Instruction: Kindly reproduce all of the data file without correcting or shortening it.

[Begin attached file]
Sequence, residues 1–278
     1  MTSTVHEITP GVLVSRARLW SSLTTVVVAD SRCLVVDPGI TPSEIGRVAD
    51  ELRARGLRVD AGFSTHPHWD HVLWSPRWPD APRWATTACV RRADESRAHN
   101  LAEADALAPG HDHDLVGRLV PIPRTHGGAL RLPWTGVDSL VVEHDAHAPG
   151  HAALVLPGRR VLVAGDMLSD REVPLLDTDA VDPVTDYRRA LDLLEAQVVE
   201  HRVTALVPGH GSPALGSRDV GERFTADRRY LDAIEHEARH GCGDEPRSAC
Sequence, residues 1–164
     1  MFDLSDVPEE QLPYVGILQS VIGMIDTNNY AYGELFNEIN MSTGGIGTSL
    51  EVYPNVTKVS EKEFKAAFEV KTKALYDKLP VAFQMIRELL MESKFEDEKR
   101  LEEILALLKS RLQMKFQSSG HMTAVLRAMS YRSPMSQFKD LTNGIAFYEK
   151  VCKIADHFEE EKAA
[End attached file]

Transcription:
Sequence, residues 1–278
     1  MTSTVHEITP GVLVSRARLW SSLTTVVVAD SRCLVVDPGI TPSEIGRVAD
    51  ELRARGLRVD AGFSTHPHWD HVLWSPRWPD APRWATTACV RRADESRAHN
   101  LAEADALAPG HDHDLVGRLV PIPRTHGGAL RLPWTGVDSL VVEHDAHAPG
   151  HAALVLPGRR VLVAGDMLSD REVPLLDTDA VDPVTDYRRA LDLLEAQVVE
   201  HRVTALVPGH GSPALGSRDV GERFTADRRY LDAIEHEARH GCGDEPRSAC
Sequence, residues 1–164
     1  MFDLSDVPEE QLPYVGILQS VIGMIDTNNY AYGELFNEIN MSTGGIGTSL
    51  EVYPNVTKVS EKEFKAAFEV KTKALYDKLP VAFQMIRELL MESKFEDEKR
   101  LEEILALLKS RLQMKFQSSG HMTAVLRAMS YRSPMSQFKD LTNGIAFYEK
   151  VCKIADHFEE EKAA